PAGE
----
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Eh, the question about pricing wasn't that bad
Not the right material for HNQ, thought. It gives an impression that it is a right kind of question for EE.SE .
You know you can just cancel the HNQ now, right?
Yes, I know that mods can unHNQ questions. I do that regularly. That's a useful tool.
I hope, that they are re-training the HNQ algorithm with that feedback.
nah, HNQ is a dumb algorithm. I doubt they'll try something like that.
12:27 AM
I was never able to find the description of the HNQ algorithm. Was it ever published?
I thought it was
A: How do the "arbitrary hotness points" work on the new Stack Exchange home page and in the sidebar on questions?

David FullertonBasically what's documented here: What formula should be used to determine "hot" questions? We have a few tweaks: Succeeding questions from the same site are penalized by increasing amounts. So, the first question from SO in the list gets multiplied by 1.0, the second by 0.98, the third ...

though that may just be a "last publicly documented method". As you can see, there's not a lot going on to discriminate questions
I see. Somehow, I always had a feeling that lay questions are over-represented in the HNQ. Maybe they aren't hotted more often, but they stay hot longer.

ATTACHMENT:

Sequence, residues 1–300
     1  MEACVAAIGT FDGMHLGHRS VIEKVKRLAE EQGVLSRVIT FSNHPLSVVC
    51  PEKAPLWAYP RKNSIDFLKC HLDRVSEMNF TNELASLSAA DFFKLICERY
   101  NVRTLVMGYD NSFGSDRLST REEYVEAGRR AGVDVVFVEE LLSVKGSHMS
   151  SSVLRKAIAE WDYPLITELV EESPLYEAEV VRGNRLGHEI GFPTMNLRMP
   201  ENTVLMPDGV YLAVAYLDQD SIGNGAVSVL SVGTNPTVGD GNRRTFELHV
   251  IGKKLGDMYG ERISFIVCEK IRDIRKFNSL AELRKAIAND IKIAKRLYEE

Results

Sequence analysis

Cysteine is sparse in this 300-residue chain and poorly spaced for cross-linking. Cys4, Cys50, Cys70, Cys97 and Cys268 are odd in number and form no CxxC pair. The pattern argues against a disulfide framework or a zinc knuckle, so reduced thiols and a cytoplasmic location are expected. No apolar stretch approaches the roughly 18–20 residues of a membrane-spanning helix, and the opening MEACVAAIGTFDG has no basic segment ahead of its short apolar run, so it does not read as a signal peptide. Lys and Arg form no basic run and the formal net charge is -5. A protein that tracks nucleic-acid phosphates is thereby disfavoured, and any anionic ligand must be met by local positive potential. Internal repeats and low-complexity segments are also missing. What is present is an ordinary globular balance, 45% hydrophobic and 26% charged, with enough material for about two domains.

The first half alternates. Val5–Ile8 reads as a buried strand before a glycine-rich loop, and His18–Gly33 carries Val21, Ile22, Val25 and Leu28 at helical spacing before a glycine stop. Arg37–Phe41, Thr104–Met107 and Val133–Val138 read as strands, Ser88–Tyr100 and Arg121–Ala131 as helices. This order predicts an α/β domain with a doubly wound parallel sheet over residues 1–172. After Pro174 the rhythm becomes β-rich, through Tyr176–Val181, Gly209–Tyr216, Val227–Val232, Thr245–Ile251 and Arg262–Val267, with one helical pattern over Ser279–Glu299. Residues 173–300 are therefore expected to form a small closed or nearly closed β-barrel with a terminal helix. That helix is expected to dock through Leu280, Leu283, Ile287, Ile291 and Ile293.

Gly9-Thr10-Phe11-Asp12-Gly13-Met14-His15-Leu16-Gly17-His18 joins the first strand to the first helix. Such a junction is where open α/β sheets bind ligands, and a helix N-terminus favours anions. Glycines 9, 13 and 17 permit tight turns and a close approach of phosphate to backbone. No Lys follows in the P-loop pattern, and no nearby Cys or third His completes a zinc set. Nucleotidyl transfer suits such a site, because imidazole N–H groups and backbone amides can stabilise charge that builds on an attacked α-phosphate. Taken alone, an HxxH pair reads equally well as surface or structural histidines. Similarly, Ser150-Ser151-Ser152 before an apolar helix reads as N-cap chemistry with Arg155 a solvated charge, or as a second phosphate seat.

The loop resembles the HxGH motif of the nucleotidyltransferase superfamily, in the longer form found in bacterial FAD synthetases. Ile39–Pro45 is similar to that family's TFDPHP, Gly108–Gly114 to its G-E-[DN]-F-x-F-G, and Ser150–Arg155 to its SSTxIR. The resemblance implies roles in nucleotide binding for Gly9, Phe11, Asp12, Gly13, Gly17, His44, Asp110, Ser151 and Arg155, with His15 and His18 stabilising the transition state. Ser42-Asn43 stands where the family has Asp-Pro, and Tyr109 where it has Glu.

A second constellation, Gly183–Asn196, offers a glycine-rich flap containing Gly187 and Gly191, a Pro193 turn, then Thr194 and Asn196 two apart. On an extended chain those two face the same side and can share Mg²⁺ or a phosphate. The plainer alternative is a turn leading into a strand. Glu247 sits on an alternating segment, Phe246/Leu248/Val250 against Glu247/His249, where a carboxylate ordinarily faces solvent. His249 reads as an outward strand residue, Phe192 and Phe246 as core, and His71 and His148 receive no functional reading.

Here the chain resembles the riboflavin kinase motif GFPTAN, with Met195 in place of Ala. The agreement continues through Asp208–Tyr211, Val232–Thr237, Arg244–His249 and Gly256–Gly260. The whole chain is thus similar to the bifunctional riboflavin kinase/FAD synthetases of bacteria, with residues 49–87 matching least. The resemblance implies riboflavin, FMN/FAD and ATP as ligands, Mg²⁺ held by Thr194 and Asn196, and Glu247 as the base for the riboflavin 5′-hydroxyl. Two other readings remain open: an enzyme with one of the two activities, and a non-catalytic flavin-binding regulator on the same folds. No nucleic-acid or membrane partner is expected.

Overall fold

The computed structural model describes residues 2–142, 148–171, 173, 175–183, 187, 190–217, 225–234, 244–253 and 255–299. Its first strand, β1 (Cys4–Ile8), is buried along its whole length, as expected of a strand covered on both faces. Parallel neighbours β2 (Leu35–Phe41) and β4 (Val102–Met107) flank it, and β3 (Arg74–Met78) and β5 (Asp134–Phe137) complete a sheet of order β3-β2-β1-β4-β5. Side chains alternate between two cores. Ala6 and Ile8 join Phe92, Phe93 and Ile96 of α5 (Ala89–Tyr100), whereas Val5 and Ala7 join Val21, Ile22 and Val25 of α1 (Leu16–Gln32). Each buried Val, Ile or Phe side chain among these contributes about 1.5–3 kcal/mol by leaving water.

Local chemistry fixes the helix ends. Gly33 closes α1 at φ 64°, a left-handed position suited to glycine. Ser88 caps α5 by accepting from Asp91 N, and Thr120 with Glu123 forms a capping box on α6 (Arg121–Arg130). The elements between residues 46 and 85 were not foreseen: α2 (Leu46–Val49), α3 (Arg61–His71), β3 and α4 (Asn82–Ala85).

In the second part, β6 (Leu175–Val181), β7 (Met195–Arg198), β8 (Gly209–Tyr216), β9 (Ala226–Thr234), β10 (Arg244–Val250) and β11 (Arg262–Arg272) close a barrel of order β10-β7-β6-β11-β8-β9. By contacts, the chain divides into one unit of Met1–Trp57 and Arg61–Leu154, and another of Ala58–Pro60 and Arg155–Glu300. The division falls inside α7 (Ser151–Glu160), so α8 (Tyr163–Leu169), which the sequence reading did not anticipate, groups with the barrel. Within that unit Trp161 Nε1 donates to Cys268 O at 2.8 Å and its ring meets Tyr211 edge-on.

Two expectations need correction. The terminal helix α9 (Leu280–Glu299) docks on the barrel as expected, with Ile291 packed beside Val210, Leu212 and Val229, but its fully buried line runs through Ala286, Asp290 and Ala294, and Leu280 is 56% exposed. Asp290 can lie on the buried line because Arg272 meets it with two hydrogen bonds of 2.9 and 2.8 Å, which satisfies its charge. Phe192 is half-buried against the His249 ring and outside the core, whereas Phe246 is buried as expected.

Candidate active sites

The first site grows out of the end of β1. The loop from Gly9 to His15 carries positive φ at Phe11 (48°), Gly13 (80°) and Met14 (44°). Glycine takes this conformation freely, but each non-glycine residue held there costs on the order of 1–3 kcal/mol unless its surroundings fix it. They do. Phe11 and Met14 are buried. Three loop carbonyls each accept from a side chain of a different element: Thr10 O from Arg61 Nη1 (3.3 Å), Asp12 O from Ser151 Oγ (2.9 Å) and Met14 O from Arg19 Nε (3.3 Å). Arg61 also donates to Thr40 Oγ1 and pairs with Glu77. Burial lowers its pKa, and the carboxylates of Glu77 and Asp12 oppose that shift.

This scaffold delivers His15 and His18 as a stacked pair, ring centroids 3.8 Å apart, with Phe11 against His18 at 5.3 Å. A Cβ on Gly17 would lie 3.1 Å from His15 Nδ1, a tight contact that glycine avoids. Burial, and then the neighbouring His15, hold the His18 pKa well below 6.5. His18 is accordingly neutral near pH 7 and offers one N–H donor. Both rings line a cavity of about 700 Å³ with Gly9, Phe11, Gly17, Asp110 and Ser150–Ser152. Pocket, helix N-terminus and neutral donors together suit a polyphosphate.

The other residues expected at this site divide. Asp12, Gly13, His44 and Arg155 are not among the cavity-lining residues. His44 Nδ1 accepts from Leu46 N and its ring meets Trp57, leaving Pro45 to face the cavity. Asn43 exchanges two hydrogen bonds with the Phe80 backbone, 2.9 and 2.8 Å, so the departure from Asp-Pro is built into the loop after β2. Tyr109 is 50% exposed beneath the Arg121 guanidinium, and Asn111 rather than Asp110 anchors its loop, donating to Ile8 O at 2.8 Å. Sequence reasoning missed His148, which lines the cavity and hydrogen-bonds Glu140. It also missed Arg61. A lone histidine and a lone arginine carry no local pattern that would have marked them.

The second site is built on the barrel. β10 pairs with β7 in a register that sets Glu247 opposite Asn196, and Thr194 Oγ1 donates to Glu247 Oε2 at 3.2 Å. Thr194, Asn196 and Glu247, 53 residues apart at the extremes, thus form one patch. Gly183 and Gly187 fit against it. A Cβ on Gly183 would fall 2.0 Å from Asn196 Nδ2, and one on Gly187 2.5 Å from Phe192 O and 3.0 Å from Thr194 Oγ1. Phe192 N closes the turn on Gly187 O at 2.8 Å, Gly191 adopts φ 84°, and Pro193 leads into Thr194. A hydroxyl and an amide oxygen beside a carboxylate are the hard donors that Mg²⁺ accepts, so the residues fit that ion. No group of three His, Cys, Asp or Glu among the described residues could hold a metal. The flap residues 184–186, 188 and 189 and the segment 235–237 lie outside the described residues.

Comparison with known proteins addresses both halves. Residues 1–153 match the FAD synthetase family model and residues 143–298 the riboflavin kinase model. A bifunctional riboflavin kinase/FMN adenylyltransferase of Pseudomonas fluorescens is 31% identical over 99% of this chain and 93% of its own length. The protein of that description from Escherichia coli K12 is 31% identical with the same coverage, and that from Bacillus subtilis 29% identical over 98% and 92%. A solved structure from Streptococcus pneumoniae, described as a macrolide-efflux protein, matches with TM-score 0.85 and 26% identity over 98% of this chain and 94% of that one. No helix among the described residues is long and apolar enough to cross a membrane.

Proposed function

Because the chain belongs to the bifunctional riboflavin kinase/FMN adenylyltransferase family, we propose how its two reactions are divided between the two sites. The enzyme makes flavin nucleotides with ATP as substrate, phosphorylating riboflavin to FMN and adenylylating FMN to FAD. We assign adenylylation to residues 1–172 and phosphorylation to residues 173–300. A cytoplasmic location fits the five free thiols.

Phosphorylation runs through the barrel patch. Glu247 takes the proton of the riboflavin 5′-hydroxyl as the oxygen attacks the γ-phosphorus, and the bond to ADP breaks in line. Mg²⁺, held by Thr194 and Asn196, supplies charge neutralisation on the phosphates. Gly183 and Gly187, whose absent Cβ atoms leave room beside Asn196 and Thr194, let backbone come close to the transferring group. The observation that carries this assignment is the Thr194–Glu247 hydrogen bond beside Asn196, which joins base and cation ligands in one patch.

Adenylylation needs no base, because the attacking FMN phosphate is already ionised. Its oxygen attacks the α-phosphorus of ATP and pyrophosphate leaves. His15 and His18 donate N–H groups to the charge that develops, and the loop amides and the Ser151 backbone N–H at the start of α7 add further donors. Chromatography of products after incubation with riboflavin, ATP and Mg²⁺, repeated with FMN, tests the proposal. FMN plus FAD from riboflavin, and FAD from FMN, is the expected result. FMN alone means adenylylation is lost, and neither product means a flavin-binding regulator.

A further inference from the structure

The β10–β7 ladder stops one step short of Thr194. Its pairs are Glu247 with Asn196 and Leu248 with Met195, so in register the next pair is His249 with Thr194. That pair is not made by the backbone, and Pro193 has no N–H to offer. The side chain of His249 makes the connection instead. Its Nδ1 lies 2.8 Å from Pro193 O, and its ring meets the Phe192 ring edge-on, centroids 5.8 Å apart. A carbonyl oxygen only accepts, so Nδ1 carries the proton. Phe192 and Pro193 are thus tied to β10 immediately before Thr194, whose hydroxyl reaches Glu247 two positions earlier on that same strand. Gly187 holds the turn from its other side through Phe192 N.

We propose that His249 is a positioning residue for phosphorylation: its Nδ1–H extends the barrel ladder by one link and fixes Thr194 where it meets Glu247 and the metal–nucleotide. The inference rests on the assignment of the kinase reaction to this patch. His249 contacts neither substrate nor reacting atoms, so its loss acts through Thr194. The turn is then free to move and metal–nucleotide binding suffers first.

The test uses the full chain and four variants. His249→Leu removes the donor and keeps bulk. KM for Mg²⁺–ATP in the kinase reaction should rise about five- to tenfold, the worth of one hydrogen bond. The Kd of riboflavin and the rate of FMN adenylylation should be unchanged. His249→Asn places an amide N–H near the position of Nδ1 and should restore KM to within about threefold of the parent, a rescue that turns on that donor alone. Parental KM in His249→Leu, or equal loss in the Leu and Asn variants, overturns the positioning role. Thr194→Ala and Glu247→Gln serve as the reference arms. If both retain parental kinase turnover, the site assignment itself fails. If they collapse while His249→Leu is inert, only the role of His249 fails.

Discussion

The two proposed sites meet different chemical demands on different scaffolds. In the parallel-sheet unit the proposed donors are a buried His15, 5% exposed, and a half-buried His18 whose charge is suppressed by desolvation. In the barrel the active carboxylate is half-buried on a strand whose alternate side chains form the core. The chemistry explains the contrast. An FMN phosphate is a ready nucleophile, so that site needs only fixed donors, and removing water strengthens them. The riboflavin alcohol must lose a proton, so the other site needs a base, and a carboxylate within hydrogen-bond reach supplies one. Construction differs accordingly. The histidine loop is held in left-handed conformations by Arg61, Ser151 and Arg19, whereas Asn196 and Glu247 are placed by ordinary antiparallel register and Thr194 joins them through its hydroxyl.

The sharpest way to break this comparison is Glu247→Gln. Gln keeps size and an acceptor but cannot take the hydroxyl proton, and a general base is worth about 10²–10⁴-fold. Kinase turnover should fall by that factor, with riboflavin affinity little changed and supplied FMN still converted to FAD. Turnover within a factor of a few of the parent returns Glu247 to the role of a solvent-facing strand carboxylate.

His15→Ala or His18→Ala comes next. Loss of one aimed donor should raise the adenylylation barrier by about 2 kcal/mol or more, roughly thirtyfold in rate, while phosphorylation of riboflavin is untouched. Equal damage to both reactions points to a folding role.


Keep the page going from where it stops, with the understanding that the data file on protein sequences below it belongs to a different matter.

Once they go hot, they'll get proportionally higher votes. Also, that means that interesting technical questions need more upvotes
So getting +4-5 upvotes and an answer quickly is a good way to do that.
2 hours later…
2:45 AM
Folks, at the moment of writing we've got 140-odd questions on the review queue. Could you take a stab at the close review queue, if you haven't done so recently?
@W5VO yes, it's really disheartening when you post a very well-documented technical question and it sits there and languishes with no votes or other activity :/
2 hours later…
4:41 AM
@JRE how to perform this particular test?
4:55 AM
@deostroll Taste-test the datasheet.
13 hours later…
5:38 PM
Q: Can a Foucault's current brake be used on the rails themselves to brake trains?

BregaladYour typical Foucault's current brakes operate on a disk, which is placed in an electromagnetic field in order to transform kinetic energy into heat without friction. The problem is that the disk still overheats, just like an usual disk brake. In the case of railways this also needs that the whee...

@Marla, especially

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